13. Stenblom EL, Montelius C, Ostbring K, et al. Supplementation by thylakoids to a high carbohydrate meal decreases feelings of hunger, elevates CCK levels and prevents postprandial hypoglycaemia in overweight women. Appetite. 2013 Sep;68:118-23.
  14. Stenblom EL, Egecioglu E, Landin-Olsson M, et al. Consumption of thylakoid-rich spinach extract reduces hunger, increases satiety and reduces cravings for palatable food in overweight women. Appetite. 2015 Aug;91:209-19.
  15. Rebello CJ, Chu J, Beyl R, et al. Acute Effects of a Spinach Extract Rich in Thylakoids on Satiety: A Randomized Controlled Crossover Trial. J Am Coll Nutr. 2015;34(6):470-7.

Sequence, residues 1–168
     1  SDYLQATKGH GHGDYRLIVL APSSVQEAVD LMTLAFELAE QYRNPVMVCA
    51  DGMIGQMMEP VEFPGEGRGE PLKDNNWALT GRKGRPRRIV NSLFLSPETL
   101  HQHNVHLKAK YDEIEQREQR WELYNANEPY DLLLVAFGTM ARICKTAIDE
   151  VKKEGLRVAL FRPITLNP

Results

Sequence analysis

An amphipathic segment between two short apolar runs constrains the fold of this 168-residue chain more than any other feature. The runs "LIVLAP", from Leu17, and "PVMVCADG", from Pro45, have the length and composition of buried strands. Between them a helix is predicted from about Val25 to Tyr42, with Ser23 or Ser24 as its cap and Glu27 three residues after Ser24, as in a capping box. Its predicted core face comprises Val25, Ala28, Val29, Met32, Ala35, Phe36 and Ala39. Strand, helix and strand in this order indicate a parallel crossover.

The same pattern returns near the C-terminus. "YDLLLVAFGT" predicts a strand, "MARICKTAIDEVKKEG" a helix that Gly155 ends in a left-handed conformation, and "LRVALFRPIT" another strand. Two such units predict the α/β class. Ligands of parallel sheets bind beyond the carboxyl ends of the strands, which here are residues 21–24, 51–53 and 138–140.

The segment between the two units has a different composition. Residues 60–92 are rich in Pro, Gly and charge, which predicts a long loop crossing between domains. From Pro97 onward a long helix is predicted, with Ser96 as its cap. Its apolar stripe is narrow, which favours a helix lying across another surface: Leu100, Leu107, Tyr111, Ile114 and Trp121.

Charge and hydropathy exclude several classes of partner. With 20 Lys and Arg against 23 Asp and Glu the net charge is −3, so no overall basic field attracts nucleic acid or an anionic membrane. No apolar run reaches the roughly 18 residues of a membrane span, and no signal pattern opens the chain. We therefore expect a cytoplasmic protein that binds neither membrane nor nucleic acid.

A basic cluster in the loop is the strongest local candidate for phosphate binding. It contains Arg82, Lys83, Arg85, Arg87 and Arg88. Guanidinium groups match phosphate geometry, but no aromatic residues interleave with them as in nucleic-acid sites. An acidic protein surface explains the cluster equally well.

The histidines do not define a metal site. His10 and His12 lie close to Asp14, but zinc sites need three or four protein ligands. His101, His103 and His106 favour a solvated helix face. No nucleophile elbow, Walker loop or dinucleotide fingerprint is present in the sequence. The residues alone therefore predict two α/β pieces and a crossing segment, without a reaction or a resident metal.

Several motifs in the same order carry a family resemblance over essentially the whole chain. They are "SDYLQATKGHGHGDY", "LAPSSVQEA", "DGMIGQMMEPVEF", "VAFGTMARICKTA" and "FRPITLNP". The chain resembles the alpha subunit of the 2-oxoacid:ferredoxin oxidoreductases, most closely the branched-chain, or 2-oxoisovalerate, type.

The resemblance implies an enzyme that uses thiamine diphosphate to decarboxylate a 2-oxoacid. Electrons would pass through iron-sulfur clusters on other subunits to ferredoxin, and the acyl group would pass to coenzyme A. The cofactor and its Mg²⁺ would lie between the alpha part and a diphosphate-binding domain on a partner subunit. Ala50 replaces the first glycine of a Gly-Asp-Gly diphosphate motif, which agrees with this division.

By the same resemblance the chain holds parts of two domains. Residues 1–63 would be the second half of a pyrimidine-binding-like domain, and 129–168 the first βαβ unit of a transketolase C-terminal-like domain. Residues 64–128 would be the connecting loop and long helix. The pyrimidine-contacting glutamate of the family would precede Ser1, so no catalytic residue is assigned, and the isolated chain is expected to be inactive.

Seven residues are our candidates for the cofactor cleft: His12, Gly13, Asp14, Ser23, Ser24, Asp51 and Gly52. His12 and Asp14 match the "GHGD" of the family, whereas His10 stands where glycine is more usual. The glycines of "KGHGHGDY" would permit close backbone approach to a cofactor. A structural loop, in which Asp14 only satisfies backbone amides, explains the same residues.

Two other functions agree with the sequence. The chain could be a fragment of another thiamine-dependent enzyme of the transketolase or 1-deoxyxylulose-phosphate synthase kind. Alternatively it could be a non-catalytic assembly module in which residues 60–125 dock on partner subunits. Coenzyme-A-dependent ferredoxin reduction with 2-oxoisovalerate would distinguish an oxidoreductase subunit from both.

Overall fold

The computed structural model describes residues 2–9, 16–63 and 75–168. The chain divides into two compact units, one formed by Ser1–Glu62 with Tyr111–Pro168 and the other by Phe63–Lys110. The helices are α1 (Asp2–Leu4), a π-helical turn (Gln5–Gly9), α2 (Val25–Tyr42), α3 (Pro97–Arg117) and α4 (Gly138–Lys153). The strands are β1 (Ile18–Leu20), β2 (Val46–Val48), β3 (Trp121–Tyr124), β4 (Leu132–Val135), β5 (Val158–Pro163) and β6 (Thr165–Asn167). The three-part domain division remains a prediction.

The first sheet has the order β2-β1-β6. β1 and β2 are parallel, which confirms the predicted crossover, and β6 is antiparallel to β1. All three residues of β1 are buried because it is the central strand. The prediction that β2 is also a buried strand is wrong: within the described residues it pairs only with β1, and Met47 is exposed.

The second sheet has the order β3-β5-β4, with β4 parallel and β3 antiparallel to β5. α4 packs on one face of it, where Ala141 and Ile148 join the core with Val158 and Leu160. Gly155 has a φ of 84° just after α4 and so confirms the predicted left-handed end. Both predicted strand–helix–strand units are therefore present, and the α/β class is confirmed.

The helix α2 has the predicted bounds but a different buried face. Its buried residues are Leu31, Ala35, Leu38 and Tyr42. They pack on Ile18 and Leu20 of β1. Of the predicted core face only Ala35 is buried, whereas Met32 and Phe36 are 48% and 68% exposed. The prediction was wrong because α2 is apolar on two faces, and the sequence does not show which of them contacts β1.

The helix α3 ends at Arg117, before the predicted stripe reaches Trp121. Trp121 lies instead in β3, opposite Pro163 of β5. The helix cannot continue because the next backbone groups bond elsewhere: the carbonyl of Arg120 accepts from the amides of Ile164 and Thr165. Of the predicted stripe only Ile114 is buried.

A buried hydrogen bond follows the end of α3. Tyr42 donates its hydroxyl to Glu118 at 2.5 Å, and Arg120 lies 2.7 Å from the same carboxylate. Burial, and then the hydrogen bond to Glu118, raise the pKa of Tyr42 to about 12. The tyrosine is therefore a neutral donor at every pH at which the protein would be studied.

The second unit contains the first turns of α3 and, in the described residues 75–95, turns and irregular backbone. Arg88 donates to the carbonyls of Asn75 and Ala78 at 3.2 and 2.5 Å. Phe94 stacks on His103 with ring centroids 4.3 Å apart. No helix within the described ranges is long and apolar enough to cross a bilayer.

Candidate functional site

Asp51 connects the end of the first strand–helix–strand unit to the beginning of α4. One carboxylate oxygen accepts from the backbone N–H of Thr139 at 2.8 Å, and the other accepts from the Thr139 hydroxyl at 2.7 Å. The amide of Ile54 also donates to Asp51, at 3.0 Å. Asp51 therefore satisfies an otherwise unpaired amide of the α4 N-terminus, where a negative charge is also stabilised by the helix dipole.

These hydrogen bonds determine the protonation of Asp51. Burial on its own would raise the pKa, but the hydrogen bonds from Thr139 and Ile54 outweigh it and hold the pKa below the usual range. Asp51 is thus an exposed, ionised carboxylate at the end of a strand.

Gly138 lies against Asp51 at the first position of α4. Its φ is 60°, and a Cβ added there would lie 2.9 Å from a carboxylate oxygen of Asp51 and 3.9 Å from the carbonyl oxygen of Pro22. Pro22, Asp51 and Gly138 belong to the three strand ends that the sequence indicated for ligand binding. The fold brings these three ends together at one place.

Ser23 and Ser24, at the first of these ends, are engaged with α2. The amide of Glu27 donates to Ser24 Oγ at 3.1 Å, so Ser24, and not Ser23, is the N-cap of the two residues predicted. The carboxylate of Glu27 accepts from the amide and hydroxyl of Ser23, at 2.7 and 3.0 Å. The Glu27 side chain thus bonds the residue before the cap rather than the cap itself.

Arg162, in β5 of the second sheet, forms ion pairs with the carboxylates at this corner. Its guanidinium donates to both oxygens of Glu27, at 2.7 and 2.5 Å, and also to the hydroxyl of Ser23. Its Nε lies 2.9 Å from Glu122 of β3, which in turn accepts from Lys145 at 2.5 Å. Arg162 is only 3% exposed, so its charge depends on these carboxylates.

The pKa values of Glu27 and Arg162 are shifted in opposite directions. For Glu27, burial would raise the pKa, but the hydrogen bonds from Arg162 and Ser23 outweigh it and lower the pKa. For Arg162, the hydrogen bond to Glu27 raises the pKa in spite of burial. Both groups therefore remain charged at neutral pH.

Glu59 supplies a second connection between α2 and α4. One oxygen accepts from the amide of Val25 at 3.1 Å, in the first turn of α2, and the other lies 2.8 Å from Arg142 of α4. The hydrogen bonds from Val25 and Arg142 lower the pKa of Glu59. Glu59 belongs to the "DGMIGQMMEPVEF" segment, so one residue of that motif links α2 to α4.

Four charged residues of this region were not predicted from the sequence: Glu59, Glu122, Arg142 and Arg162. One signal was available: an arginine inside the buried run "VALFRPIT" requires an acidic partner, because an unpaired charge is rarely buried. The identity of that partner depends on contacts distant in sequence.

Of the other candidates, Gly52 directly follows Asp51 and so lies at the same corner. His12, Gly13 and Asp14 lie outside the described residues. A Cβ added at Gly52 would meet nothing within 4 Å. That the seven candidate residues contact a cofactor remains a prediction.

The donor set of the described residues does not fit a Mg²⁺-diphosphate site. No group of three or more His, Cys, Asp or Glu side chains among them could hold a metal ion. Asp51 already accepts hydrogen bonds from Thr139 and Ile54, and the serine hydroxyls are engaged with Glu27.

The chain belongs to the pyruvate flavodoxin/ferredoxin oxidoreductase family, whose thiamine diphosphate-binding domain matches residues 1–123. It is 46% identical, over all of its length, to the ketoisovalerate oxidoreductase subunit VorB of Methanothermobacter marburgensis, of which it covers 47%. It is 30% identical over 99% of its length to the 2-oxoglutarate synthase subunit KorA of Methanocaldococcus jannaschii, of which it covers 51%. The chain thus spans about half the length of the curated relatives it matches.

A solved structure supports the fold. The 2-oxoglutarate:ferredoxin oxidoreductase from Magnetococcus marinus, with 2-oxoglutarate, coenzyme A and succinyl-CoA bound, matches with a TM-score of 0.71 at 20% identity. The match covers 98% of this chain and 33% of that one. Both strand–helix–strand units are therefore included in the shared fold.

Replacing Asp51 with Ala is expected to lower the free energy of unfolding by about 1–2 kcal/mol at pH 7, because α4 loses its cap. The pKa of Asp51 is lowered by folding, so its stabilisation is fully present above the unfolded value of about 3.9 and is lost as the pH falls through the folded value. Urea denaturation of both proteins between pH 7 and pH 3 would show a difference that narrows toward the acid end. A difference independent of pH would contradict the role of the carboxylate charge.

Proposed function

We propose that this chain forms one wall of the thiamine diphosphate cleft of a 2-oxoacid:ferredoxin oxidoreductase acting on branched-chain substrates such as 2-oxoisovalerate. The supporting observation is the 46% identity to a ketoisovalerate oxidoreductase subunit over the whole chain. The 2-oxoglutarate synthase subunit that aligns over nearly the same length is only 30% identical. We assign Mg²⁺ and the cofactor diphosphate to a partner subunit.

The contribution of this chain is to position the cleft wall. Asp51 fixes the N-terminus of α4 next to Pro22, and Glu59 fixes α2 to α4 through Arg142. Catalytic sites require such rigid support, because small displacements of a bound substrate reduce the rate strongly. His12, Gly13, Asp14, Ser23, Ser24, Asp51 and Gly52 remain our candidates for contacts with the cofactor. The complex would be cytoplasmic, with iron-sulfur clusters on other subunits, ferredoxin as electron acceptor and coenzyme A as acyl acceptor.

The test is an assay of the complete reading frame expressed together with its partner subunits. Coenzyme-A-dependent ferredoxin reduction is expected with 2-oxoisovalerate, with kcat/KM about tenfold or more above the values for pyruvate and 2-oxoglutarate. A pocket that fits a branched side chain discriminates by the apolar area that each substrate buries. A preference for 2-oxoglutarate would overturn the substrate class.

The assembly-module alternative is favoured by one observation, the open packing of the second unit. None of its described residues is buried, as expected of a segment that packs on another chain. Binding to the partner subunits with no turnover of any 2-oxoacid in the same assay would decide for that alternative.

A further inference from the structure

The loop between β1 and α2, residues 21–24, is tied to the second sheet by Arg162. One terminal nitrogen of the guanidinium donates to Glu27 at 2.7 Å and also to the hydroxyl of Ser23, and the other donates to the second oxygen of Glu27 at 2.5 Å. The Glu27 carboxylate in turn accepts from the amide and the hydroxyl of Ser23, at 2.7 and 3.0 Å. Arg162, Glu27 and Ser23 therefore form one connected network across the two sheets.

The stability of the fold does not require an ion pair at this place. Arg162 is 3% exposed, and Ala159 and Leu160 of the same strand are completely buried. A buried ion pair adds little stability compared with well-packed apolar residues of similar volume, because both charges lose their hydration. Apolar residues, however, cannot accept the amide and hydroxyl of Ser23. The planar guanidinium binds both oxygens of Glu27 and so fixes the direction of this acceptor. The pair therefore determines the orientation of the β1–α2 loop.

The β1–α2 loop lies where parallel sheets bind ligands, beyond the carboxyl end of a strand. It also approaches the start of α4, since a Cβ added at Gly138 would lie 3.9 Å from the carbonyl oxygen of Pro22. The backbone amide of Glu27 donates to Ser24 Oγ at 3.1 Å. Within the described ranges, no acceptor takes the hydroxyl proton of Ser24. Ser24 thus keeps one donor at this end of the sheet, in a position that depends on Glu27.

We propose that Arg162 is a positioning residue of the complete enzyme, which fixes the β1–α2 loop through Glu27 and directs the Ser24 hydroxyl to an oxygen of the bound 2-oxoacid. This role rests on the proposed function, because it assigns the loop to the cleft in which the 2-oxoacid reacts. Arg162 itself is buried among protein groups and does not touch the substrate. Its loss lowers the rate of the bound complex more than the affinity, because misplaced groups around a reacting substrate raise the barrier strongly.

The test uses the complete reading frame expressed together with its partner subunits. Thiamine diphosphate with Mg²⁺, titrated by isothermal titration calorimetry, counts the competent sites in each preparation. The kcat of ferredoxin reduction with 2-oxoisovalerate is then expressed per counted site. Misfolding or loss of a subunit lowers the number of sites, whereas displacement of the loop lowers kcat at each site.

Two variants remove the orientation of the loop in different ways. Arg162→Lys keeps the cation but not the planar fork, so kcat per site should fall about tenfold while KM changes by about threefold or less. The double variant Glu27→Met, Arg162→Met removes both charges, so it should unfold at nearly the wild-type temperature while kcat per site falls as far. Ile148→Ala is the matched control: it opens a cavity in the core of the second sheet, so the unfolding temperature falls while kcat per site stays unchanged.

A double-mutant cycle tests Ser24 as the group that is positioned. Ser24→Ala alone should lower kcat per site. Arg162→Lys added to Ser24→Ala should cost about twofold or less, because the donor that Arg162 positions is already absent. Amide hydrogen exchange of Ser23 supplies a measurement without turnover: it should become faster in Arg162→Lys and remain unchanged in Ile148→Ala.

16. Montelius C, Erlandsson D, Vitija E, et al. Body weight loss, reduced urge for palatable food and increased release of GLP-1 through daily supplementation with green-plant membranes for three months in overweight women. Appetite. 2014 Oct;81:295-304.
  17. Gustafsson K, Montelius C, Westrom B, et al. Gastrointestinal satiety through green leave components called thylakoids. Poster Presentation. Istanbul, Obesity Conference. 2011.
  18. Available at: https://www.sciencedaily.com/releases/2018/03/180316100436.htm. Accessed November 26, 2018.

Subscribe to Life Extension Magazine®

Subscribe Now

Advertise in Life Extension Magazine®

Learn More